As the pandemic continues and a further lockdown in place, there remains a real concern that parties to construction contracts will become embroiled in costly and long-running disputes over the effects of COVID-19 on projects. This is reflected in the latest report from the Construction Leadership Council (CLC).
The Contractual Practices Working Group of the CLC Business Models Workstream recently conducted a questionnaire and a series of interviews with a range of leading industry professionals in the field of construction claims and disputes and contracting parties in the supply chain. Many respondents represent a significant client base from within the construction supply chain and across many sub-sectors. The aim was to help improve the CLC’s understanding on the impact of COVID-19 on contracts and the possible nature and volume of potential claims and disputes now, and in the future.
Of concern is the increase in the number of claims under construction contracts being rejected because of COVID-19. Initial indications found that whilst parties may be inclined to settle an entitlement to additional time for completion, there is a reluctance to agree financial losses, costs and expenses (which is the greater source of contention).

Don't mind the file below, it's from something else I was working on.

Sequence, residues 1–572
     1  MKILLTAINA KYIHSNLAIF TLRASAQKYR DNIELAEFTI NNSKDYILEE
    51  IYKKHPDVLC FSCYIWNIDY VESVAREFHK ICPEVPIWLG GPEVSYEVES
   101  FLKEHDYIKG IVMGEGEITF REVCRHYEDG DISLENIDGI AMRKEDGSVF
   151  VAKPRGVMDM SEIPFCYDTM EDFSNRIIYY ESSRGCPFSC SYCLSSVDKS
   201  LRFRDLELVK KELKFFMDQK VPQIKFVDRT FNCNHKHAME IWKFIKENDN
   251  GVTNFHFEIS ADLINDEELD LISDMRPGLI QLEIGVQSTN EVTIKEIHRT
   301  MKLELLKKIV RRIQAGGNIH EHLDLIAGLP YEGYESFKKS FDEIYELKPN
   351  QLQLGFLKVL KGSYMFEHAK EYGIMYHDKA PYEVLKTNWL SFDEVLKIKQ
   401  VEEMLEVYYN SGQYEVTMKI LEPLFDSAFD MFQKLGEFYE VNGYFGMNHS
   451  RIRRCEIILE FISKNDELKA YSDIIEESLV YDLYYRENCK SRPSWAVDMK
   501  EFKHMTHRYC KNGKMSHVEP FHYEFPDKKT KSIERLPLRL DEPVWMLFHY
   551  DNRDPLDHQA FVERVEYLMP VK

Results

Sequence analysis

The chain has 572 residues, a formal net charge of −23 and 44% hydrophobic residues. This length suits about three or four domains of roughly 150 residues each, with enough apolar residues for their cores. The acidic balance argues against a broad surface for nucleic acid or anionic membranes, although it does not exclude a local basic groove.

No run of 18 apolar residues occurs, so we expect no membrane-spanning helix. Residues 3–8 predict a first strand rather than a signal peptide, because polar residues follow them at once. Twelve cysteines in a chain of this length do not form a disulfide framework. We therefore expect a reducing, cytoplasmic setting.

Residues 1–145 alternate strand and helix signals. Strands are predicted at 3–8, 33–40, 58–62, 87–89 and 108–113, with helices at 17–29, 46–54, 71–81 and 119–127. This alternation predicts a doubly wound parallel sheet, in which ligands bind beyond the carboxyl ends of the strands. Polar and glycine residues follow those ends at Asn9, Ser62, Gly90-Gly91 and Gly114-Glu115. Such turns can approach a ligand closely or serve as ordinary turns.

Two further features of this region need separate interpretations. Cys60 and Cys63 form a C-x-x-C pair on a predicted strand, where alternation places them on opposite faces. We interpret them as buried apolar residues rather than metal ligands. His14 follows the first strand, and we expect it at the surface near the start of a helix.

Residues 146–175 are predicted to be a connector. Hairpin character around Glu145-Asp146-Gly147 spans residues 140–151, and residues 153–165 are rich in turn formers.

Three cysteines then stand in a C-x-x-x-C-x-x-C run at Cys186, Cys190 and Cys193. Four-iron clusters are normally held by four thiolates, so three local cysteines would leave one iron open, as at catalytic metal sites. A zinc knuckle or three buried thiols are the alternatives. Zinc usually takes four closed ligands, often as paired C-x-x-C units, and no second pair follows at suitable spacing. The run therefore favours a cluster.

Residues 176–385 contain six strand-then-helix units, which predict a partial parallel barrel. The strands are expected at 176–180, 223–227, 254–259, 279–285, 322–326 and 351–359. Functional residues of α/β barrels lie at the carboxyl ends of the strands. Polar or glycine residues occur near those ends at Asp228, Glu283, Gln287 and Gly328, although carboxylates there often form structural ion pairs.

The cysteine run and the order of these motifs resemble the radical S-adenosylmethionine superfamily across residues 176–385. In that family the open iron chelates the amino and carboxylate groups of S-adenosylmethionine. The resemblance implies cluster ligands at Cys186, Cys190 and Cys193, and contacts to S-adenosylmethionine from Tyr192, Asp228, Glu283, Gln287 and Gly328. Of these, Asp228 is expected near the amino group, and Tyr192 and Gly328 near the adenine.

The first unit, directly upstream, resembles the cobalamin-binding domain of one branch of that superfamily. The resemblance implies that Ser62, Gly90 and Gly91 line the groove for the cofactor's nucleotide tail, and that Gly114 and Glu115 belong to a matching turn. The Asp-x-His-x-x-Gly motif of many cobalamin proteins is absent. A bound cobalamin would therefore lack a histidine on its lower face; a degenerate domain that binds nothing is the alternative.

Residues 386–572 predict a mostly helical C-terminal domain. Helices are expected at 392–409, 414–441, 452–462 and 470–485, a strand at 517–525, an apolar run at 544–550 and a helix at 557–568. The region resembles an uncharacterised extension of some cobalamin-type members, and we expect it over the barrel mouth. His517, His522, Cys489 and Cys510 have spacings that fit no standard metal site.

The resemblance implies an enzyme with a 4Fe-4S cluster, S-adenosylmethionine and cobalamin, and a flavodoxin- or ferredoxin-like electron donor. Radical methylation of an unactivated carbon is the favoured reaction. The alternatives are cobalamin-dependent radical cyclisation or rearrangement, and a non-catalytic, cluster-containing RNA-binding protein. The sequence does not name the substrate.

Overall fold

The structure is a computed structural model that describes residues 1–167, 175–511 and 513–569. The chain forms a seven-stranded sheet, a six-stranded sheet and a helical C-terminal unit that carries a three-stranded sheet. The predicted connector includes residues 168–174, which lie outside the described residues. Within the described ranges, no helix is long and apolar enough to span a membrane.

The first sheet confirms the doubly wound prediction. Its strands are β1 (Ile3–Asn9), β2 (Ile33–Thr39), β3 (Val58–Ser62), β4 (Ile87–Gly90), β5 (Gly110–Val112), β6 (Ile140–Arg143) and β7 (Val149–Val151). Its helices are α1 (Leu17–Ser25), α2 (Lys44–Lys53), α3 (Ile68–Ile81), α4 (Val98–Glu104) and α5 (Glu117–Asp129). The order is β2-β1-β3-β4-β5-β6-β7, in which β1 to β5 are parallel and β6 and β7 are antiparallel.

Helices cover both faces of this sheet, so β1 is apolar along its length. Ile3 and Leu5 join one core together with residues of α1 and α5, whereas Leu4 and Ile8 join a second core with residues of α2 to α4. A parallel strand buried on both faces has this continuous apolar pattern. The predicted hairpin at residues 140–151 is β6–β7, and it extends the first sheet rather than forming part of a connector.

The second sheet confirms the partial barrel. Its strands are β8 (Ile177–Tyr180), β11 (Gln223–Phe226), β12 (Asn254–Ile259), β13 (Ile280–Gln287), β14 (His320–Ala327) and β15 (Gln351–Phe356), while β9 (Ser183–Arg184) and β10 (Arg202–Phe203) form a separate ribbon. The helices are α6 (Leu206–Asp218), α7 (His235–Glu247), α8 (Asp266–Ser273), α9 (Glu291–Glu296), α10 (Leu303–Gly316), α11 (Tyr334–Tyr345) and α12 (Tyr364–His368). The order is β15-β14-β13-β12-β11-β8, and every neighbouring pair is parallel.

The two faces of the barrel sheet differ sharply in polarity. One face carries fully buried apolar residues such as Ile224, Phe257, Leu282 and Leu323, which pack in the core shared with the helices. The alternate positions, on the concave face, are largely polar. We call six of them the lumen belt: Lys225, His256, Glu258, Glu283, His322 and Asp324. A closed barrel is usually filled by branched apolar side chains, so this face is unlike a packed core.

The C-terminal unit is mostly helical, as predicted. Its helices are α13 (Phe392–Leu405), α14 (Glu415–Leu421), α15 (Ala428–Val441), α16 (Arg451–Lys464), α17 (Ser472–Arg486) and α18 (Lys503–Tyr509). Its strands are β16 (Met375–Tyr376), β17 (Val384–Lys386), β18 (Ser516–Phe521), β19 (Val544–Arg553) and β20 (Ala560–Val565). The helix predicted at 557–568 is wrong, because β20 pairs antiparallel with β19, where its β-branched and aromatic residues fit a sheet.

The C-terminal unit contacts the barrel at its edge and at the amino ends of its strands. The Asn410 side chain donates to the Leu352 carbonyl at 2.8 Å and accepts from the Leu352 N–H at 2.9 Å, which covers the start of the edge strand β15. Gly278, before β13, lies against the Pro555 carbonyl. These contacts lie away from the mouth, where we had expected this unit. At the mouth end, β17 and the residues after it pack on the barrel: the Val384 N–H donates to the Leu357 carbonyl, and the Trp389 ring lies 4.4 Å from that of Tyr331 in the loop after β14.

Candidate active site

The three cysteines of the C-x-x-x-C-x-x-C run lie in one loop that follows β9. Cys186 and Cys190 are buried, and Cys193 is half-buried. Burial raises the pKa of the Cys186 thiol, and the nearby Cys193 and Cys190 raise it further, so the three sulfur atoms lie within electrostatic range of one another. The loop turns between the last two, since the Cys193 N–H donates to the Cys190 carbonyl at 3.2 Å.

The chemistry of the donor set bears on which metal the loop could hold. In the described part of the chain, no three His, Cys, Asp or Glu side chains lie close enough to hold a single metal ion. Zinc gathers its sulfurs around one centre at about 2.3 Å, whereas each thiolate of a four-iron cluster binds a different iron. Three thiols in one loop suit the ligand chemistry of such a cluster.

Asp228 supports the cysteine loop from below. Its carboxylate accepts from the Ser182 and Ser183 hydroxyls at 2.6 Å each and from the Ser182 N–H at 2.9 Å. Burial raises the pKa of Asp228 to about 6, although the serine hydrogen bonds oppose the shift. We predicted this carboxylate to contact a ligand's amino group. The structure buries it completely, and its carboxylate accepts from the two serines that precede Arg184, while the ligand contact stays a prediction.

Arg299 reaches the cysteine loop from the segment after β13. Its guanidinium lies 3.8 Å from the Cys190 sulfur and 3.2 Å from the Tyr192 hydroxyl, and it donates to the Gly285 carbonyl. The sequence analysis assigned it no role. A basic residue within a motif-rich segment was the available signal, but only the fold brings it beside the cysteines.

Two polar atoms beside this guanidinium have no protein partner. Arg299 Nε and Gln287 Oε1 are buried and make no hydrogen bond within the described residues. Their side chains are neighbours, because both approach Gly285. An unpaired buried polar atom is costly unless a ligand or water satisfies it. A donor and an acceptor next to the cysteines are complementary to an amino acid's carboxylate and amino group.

It is too early to know what will happen with those rejected claims. However, there have been positive early signs of commercial settlement to avoid disputes, but at present lower value disputes were considered easier to pursue, leaving COVID-19 related disputes – being more complicated – to a later date in 2021.
The CLC continues to monitor the situation with respect to the potential for widespread disputes and urges all parties to act fairly and responsibly to preserve the competence, capability and capacity within industry to meet the challenges of 2021.
A snapshot of current thoughts and perceptions is published in the summary note here.